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I agree with that completly but we have 40-50 lb coyotes with their winter coats.I'm worried about hitting a rib. I don't even know if a lunger would kill one
I have no doubt it would kill it, but the question is how long would it take?

One the runs off and dies 2 miles away isn't good
One shot, one kill
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Old December 25, 2013, 03:56 PM   #6
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Snyper, I also agree with that. That's why I'm think only head or a centered neck in the crosshairs are going to do it. Not to mention I have a buddy with a 20 gauge backing me up. But he's only shooting out to about 15-20.
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Old December 25, 2013, 09:27 PM   #7
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Close range with proper bullet selection.
I used a 22 WMR 30 years ago and it was not satisfactory. Biggest problem was bullet performance. Even JHP failed to expand most of the time. Shots over 100 yards resulted in "runoffs" that could only be recovered using dogs.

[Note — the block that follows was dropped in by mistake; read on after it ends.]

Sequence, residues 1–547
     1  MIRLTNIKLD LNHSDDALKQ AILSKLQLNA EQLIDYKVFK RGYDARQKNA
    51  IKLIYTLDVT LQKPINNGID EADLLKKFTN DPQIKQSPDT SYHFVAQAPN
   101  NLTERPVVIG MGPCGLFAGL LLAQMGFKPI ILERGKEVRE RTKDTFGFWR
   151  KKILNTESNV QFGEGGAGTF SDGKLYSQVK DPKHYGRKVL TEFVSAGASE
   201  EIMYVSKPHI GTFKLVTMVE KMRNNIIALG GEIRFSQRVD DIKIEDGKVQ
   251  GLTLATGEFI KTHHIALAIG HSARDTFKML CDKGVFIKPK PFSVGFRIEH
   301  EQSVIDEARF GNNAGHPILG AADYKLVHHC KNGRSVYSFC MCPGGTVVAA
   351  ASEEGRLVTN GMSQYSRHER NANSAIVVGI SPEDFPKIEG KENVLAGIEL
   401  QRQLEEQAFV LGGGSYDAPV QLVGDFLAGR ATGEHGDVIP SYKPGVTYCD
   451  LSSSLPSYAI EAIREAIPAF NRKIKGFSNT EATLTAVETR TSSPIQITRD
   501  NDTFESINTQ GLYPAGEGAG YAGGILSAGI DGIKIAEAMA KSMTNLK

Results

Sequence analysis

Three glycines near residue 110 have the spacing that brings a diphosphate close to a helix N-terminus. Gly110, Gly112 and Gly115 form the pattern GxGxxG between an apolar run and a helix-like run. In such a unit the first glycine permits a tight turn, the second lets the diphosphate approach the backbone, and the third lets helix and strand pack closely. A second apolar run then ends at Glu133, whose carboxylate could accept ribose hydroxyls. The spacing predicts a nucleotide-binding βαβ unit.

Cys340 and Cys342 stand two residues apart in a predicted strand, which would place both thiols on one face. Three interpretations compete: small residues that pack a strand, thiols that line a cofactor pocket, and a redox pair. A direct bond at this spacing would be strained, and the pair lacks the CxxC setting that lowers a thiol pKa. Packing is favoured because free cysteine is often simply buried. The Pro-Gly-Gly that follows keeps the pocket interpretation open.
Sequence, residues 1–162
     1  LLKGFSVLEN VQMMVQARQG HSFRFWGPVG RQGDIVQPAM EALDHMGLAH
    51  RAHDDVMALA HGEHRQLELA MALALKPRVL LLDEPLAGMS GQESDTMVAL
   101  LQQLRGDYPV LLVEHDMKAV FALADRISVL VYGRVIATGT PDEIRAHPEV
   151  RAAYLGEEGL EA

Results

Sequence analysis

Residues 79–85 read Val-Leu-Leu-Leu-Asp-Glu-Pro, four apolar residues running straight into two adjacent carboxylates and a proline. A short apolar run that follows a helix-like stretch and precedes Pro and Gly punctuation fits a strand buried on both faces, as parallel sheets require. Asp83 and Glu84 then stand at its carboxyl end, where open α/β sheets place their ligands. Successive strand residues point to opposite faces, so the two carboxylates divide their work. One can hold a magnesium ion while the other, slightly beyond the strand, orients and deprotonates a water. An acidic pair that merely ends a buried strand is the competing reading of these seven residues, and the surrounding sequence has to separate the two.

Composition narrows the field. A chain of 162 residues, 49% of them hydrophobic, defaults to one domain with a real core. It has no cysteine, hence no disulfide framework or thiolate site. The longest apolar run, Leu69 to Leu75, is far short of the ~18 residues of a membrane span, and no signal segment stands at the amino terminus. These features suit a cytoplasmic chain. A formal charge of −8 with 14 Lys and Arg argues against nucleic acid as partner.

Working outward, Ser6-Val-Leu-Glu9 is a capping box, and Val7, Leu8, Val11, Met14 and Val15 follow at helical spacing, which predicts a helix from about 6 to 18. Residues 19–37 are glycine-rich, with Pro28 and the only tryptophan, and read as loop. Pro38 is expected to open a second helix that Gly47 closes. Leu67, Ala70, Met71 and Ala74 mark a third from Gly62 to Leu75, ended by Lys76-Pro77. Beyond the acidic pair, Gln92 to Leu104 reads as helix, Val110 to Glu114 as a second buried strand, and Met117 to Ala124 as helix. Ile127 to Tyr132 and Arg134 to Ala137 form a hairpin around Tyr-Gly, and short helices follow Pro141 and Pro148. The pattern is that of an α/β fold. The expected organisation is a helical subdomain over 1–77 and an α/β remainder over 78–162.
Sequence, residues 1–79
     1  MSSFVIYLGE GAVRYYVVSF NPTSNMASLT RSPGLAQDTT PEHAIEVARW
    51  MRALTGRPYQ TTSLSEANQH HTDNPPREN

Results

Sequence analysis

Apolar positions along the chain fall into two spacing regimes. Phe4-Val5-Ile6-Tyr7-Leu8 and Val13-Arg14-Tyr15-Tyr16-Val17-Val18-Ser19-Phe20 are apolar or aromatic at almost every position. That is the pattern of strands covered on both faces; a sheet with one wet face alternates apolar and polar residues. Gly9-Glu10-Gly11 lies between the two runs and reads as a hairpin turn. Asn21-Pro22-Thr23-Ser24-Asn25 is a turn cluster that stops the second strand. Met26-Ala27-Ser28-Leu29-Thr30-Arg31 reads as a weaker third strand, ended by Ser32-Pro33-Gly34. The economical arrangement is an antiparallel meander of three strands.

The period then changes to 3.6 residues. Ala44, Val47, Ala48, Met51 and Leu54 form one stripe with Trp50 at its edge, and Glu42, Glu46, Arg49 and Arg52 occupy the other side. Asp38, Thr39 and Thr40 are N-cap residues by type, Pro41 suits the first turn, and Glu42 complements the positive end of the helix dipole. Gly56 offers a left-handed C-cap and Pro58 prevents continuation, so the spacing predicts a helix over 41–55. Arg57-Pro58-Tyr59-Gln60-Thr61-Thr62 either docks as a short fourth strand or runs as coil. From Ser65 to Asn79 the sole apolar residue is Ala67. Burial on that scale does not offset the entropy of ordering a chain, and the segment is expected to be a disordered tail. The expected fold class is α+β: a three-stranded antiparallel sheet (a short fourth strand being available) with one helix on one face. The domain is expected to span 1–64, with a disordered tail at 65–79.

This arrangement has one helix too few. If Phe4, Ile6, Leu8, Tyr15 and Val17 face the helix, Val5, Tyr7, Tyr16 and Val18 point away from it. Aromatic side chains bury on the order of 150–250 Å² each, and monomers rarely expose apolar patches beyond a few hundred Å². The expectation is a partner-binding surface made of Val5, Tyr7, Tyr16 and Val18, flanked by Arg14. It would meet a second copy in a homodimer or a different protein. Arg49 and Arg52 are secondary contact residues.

In the last couple of years, I've tried the highly praised 17 HMR with equally dismal results. Coyotes hit multiple times escape w/o leaving a blood trail.
I'll just stick with a .223 as a minimum. Even the .223 leaves something to be desired over 250 yards but it is much more economical and lower noise than the big daddies(220 Swift & 22/250).
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Old December 25, 2013, 09:51 PM   #8
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When I was younger we used a 22 for Fox. Yotes are much bigger and stronger. I would not feel right using such a small rifle. Shot placement would have to be right on. Varmint or not , they do not need to suffer.
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Old December 26, 2013, 12:15 AM   #9
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I may go 80 grain 243 instead what's that call guys?
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Old December 26, 2013, 06:46 AM   #10
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I would go with 223 as a minimum. I know 204 Ruger can but I am stating based a on common ammo I see here in PA. Two Monday mornings ago I had a coyote in my yard. Biggest one I have seen yet. I would put it at the size of a medium shepard, around 65 to 75 pounds.